Tuesday, October 18, 2011

My Catholic Journey: The First Five Years

Next Easter will mark 10 years since I became Catholic. The following is a condensed account of my first five years in the Church, chronicled as letters to a completely fictional former RCIA director. The names have been omitted to protect the guilty! (The second five-year period is still being processed...can't wait to tell "Bob" about the Extraordinary Form and Summorum Pontificum!)  

June 2003

Dear Bob,

Well, I’ve passed the one-year anniversary of being received into the Catholic Church! I’m very happy to have become Catholic, and I thank you again for all your help on the journey through the RCIA program. You were a wonderful RCIA Director!

My family and I moved to the Cathedral parish of a different diocese just a few months ago, and suddenly I find myself in the position of Parish Secretary! They couldn’t get anyone else to take the job, so they gave it to me. It’s a small town, so I guess good help is hard to come by! Ha ha! I’ll try to do a good job.

I’ve been getting involved in lots of things at this parish. I’ve started attending daily Mass, and now I’m a reader and a Eucharistic minister. Besides that, my husband and I volunteered to be the RCIA directors; it’s another one of those “no one else will do it” situations. And we were excited to find out that there’s a Respect for Life Committee, which we’ve joined.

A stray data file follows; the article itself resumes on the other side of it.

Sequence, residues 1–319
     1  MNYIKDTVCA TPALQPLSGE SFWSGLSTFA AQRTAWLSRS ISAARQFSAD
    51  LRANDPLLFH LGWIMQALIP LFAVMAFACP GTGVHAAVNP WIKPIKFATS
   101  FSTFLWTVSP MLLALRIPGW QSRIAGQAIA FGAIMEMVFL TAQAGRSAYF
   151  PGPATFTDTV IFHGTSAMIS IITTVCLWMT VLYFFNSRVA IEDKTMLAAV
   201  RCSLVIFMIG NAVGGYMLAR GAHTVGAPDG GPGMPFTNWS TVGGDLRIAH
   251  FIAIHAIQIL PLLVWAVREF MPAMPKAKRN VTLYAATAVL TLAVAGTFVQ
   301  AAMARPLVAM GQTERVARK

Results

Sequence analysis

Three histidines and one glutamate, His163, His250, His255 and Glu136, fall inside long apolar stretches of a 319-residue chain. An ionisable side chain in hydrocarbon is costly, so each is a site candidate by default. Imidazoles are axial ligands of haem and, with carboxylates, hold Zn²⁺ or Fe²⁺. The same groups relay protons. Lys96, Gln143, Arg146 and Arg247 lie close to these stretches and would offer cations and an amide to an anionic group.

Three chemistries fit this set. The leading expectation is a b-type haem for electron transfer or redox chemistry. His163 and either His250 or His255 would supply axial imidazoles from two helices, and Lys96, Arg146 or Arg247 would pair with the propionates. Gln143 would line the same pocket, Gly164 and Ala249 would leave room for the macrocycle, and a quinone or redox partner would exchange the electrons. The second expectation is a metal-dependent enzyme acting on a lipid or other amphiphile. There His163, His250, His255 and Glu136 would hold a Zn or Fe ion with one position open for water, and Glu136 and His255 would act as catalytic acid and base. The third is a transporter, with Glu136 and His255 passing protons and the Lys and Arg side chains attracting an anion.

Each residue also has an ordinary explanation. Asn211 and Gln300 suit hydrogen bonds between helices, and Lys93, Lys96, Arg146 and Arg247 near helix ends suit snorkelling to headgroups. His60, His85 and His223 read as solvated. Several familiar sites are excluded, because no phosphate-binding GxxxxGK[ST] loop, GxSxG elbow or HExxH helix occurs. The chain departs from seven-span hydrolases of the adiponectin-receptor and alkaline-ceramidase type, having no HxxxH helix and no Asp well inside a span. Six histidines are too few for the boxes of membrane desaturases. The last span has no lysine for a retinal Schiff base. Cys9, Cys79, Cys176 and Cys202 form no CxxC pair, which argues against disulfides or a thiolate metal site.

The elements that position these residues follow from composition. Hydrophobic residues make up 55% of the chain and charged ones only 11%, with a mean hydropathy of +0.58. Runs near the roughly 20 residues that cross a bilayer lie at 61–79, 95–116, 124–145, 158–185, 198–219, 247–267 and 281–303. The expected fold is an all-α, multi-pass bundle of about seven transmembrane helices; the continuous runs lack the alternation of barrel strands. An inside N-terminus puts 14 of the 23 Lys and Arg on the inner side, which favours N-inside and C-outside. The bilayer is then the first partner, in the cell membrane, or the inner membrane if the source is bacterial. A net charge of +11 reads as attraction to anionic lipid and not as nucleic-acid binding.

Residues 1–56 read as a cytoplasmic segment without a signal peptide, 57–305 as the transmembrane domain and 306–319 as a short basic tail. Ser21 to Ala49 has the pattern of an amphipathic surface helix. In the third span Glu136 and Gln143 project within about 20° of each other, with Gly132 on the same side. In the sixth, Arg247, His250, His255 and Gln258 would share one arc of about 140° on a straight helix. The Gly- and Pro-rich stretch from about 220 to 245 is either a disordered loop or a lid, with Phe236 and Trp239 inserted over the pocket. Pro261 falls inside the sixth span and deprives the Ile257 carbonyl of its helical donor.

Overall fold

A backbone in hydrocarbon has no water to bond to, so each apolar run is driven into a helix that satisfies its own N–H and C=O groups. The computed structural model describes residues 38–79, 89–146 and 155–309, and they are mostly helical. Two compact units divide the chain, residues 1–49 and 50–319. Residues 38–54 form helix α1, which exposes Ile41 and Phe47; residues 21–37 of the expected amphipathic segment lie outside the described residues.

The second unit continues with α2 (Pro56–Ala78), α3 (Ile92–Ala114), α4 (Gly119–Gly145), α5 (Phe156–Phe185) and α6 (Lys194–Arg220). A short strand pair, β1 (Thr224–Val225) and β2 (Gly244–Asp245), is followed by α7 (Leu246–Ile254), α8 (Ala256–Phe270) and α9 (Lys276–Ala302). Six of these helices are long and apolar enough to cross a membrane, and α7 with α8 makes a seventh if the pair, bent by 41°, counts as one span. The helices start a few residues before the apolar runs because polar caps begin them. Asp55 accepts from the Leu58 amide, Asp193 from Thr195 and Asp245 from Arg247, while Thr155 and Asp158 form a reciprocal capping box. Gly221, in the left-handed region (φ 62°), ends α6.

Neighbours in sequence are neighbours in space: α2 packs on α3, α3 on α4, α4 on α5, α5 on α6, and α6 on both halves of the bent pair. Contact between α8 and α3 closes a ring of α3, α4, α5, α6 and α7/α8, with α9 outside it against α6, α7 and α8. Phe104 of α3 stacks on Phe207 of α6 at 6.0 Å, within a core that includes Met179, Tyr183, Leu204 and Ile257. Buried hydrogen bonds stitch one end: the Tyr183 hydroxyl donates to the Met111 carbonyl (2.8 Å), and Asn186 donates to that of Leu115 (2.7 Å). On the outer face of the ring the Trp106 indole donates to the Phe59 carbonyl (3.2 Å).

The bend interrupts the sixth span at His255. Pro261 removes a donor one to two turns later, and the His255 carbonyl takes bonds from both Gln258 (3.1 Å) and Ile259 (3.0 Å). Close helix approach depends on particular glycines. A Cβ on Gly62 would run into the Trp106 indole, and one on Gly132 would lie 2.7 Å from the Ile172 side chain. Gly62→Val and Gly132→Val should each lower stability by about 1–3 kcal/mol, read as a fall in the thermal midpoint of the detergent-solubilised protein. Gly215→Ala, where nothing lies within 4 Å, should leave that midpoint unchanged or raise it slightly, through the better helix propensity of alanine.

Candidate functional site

I’ll keep you posted on my journey into Catholicism!

Peace to you!

March 2004

Dear Bob,

I’m coming up on another anniversary as a Catholic. What a year it’s been! I’ve learned a lot about our Church; who would have thought there was so much more to discover!

Our bishop has issued an instruction regarding some minor changes in the Liturgy, in compliance with the new GIRM. Wow! I never knew there was actually a document that stated how things were supposed to be done in the Mass! No one ever mentioned it before! I like the idea of standards having been set for the Liturgy.